Klipsch: While Earth Day, which takes place on April 22, is the perfect time to reflect on what you are doing to help protect the environment, Klipsch continuously looks at new, earth-friendly ways to build its products.
All Klipsch products are RoHS (reduction of hazardous substances) compliant, meaning they do NOT contain substances that are harmful to humans or the environment.
The company has also made energy improvements to its RoHS-compliant production plants, using more efficient heat sources and insulation.
At its Hope, Arkansas, US manufacturing facility, Klipsch is researching solar power as a way to service a variety of electrical needs, as well as investigating new finishing processes that have lower volatile organic compounds, or VOC, emissions and/or waste by-products.
Klipsch also secured funding from the state of Arkansas to conduct an energy study of the facility. As a result, the company implemented several recommended changes, including the installation of a new air make-up unit as well as re-routing heated air back into the factory, rather than allowing it to escape outside.
Additionally, Klipsch has re-configured how it powers up and shuts down the factory each day, re-evaluated its nighttime security lights, and changed its lighting to lower consumption alternatives. These updates have resulted in a 30 percent reduction in electrical costs and a 52 percent reduction in gas consumption over the past two years.
AVReview: Speaker manufacturer Klipsch has unveiled a new home cinema system designed to meet the growing demand of the digital market, with the Home Theater 1000.
The 1000 plans to give listeners the ‘premium high-output, low-distortion sounds reproduction the brand is know for at prices that are amongst the lowest in company history’.
The 5.1-channel system’s speakers are each magnetically shielded with a bass-reflex design and rear port for increased efficiently and mid-bass output.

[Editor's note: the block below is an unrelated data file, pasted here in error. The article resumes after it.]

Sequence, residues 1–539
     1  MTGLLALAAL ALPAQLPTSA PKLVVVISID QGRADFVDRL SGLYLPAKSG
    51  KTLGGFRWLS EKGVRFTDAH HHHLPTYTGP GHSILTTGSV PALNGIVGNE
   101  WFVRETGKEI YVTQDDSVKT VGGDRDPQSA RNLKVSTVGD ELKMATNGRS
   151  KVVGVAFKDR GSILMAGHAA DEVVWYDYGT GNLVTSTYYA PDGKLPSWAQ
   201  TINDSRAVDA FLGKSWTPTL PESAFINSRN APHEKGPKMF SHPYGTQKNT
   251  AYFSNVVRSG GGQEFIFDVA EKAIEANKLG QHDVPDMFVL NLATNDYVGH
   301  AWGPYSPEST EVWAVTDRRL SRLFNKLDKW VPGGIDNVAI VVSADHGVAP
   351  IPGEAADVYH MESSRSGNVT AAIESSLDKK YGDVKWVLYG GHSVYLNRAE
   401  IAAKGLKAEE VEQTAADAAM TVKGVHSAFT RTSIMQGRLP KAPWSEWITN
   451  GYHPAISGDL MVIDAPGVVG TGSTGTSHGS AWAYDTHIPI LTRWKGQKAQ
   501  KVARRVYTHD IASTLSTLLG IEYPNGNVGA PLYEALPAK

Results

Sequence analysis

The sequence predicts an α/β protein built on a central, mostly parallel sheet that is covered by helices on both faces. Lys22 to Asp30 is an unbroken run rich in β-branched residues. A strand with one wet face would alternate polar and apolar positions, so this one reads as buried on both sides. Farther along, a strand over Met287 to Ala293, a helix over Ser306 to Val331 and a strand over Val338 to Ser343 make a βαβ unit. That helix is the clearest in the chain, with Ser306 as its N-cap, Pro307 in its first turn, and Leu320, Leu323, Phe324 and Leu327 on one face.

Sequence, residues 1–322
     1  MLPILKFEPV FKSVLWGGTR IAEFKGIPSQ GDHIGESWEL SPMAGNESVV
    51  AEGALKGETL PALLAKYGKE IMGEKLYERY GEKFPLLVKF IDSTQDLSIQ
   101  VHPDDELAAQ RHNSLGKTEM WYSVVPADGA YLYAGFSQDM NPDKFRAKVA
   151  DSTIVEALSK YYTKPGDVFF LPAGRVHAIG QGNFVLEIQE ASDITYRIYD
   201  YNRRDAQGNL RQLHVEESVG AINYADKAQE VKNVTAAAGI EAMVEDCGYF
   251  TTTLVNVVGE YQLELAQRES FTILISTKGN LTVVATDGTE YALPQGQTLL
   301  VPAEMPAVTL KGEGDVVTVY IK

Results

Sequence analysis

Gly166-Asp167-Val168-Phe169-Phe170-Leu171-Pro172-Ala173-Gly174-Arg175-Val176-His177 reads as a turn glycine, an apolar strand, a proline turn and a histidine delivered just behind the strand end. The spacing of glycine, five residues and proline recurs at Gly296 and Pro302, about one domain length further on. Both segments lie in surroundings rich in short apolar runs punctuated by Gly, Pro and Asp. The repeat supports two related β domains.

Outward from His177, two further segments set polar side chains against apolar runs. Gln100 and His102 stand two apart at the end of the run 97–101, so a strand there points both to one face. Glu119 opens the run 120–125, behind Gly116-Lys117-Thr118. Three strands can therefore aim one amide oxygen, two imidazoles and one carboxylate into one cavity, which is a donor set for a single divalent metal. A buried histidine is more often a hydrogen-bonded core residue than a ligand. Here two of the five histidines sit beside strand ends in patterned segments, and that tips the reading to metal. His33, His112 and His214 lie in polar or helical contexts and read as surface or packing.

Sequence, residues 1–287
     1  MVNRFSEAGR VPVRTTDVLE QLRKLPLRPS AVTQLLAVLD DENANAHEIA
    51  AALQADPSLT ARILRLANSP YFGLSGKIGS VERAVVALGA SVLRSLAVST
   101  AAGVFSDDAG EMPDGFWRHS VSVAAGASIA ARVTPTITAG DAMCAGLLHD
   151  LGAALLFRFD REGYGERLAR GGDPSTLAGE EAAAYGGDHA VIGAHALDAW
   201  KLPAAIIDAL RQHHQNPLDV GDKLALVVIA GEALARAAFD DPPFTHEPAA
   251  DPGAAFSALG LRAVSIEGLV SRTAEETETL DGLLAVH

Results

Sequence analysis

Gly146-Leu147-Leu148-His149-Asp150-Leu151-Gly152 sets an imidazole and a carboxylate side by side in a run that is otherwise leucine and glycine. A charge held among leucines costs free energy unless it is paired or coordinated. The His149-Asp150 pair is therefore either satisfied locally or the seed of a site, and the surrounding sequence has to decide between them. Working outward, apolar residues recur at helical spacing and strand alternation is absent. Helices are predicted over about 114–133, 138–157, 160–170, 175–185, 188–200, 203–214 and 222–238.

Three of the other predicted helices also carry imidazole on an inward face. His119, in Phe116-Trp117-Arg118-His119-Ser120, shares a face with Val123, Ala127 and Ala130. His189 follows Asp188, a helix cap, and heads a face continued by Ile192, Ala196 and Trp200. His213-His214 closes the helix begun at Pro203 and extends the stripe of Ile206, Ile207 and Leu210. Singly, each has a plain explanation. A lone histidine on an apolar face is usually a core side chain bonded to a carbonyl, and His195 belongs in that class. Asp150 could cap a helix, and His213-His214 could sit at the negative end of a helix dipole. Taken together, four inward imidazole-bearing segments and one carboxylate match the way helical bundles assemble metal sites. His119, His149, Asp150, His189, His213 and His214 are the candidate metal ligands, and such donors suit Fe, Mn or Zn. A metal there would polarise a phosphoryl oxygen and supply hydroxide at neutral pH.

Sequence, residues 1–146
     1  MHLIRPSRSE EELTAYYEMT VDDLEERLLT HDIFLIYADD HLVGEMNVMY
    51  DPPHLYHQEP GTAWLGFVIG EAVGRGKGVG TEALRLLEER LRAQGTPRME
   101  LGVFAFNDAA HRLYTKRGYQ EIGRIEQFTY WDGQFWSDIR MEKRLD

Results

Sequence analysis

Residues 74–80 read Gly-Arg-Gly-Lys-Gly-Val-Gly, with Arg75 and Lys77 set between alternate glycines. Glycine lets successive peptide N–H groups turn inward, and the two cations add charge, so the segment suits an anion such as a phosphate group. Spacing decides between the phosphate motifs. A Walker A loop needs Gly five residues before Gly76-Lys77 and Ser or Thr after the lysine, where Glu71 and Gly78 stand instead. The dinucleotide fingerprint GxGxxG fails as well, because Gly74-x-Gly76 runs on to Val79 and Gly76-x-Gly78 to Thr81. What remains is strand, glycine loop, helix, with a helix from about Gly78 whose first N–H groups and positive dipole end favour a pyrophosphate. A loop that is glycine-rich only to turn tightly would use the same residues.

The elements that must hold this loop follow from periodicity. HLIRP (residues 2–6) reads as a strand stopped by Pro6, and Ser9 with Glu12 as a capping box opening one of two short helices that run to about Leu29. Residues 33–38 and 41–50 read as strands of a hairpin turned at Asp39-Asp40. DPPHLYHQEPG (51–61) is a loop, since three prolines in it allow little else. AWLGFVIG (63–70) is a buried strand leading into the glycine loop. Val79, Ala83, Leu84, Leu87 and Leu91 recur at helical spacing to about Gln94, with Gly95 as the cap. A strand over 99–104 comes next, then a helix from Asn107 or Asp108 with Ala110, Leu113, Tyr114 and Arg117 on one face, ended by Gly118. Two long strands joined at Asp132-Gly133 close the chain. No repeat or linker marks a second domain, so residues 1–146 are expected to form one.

Inside the ABS enclosures rest dual 2.5in fibre composite woofers and a MicroTactrix Horn-loaded 0.75in aluminium dome tweeter.
The subwoofer is also a bass-reflex design with a front-firing port and 10in fibre composite driver.
Electronic House: Klipsch announced three new home theater packages. All three are 5.1 systems, which include left, center and right front channels, two surrounds, and one powered subwoofer.
The HD Theater 1000 has five identical speakers, each with dual 2.5-inch fiber composite woofers and a MicroTractrix Horn-loaded 0.75-inch aluminum dome tweeter. Standing 8.6 inches tall, each one includes a stand or can be wall mounted.
Nestled in the middle of the line is the HD Theater 500. Each of the front and rear speakers has a 2.5-inch IMG woofer and a MicroTractrix Horn-loaded 0.75-inch aluminum dome tweeter inside. The center channel, however, has dual woofers.
Last, but not least, is the HD Theater 300. That setup’s main and surround speakers include a 2.5-inch IMG woofer and a 0.75-inch MicroTractrix Horn-loaded textile tweeter in each. The center channel is almost the same, except it’s magnetically shielded.